Coming back to Dalila, being in Paris and from this Algerian background, she discovered in a sense that she is Algerian. This reminds me of American author James Baldwin when he was talking about skin colour, saying that the black factor happened only when he exited Harlem, because in Harlem no one would call anyone black because everyone was black. So, it is the same thing. I’m not sure she was conscious of the love-hate relationship that exists between Algeria and France. And all of a sudden, she had to enter a history that she didn’t necessarily think was hers. As a woman coming from Algeria, she was also trying to show who she is, as a woman and what she liked to do. Those elements are key to her work and are informing her work very strongly.
Dalila Dalléas Bouzar studied classical painting, meaning there is a notion of always enhancing the nobility, the pose, the seriousness, the importance of the background. The piece is called ‘Princesses’, hence all the adornments, the crowns, the different jewels and elements that are included. She started this series by making a self-portrait and then she started to modify it.
What it could tell us is that she is all these women, even if they don’t all carry her features. And, of course, we are not talking about being a woman: the take on this work is we only look at a ‘lady’ or ‘princess’; we don’t look at regular people. She wanted, through the power of art, to transform any woman into a princess. Of course, the decorum is not what she meant, it is just metaphorical, it has nothing to do with jewellery or luxury, it has to do with something that is inside. All the adornments are just there to reflect what is inside.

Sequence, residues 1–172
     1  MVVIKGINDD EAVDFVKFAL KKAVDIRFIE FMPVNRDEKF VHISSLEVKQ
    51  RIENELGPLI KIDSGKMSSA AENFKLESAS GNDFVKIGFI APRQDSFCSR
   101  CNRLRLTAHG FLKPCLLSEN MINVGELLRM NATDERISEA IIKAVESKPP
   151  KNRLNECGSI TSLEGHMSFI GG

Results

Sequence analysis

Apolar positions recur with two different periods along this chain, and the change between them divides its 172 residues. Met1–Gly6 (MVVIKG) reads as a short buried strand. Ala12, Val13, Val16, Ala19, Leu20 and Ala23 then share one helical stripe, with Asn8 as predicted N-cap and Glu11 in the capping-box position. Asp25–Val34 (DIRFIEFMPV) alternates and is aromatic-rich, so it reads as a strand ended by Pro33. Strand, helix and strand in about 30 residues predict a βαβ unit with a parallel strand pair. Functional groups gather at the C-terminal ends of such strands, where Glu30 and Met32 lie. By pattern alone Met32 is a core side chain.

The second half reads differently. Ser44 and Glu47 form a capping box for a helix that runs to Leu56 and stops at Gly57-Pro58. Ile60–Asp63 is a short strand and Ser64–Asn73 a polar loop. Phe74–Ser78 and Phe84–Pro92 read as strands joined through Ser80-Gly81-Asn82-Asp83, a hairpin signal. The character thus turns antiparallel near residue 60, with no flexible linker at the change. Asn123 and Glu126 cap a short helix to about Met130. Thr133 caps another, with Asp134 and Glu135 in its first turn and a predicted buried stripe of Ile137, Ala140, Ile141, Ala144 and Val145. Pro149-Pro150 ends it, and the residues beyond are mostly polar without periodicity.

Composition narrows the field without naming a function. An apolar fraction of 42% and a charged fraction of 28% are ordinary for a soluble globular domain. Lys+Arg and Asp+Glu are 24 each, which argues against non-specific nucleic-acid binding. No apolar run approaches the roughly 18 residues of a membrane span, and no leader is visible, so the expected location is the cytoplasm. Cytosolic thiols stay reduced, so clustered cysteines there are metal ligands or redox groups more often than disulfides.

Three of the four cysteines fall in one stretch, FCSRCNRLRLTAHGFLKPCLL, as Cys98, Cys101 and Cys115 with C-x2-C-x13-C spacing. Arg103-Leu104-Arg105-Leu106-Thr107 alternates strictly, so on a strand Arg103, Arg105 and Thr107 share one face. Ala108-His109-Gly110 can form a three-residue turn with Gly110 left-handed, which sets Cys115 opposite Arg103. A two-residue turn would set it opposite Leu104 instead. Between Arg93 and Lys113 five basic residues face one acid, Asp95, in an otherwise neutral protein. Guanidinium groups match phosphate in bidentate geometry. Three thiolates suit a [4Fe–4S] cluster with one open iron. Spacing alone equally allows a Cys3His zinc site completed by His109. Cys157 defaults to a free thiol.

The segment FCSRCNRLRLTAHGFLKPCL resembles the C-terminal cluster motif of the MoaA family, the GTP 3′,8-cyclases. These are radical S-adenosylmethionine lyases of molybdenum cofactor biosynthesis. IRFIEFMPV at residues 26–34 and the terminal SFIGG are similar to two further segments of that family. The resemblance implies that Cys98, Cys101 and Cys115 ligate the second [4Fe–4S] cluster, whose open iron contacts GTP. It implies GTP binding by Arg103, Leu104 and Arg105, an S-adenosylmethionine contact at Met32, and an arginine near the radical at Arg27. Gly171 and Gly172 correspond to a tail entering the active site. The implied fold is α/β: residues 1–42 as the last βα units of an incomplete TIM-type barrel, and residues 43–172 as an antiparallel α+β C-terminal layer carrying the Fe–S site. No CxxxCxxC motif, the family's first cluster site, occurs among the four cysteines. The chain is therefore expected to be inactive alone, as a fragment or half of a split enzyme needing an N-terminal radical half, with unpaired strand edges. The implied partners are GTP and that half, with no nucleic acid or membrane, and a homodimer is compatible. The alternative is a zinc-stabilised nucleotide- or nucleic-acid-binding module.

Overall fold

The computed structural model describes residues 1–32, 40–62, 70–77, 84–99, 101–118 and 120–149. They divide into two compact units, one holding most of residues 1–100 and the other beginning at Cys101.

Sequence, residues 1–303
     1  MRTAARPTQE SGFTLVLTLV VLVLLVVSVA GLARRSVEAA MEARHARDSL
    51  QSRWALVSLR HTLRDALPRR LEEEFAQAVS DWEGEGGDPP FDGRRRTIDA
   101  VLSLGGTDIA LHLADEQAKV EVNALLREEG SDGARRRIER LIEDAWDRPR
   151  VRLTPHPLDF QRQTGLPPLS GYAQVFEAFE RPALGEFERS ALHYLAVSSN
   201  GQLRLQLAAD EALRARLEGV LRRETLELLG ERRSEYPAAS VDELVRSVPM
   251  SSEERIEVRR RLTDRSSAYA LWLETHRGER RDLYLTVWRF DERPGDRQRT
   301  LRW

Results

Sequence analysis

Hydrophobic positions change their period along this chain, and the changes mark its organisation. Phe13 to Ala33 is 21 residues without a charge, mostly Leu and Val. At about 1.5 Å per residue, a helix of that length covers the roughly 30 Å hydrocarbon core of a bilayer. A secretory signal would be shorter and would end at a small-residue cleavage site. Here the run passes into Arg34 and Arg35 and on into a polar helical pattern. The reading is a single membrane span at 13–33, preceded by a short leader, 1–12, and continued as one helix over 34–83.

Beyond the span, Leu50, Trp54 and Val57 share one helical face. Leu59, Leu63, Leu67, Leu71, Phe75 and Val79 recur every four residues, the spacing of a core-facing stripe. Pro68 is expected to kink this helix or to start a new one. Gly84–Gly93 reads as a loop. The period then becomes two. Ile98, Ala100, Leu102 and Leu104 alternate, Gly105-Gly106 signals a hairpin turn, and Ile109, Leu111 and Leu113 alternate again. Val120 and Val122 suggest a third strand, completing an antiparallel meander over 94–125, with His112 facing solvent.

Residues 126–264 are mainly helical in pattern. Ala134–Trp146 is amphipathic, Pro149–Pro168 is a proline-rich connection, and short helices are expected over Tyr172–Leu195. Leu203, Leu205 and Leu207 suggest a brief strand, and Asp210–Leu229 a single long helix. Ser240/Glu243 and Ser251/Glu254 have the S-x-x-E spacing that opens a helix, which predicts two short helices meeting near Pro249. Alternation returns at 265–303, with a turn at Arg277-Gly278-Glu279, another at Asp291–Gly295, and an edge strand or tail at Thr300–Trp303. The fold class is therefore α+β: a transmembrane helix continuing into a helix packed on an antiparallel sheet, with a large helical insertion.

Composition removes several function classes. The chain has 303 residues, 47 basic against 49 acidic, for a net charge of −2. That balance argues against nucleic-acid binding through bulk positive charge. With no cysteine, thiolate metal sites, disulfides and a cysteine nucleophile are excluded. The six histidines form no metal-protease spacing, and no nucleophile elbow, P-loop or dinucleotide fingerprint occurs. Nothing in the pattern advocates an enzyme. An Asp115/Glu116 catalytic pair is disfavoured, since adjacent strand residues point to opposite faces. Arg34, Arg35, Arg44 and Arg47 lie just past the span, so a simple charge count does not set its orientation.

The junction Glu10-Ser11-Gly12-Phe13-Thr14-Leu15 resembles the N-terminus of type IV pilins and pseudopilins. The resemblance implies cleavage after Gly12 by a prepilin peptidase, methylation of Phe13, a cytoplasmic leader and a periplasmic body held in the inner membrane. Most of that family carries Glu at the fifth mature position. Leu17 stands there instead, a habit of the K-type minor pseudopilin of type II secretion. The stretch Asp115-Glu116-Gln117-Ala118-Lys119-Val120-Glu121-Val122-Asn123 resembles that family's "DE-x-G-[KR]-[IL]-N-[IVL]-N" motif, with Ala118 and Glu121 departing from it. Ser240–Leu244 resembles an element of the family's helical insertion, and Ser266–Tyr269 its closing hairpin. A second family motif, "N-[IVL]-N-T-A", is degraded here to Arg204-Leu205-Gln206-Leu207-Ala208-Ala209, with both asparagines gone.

This piece is talking about female power, a power that women are not always informed of and, of course, it is dealing directly with the region the artist comes from. But then this is what I like about a work of art: anyone, any woman, could be in that series of portraits. And any man could remember that any woman is a princess. So, coming from a very particular experience, she is sending a message that goes beyond the particularity of her background. At times, artists are using the word mixed media and could go in diverse directions. If someone just adds some golden leaf to an acrylic or an oil artwork for example, then they define it as mixed media, when it’s not that mixed in the media. There is a kind of three-dimensionality that one cannot grasp through the flat screen of a computer or mobile phone. When you look at an artwork there is matter, things that you can touch and smell, and you have this illusion of those features popping out of the work and this is the physicality of the gaze that you would have when you are confronted with the artwork.
© Gregory Copitet
The way they are grouped is as if it is one painting; it is like a story made of many sentences – you cannot take one word out of the sentence, otherwise the sentence wouldn’t make any sense.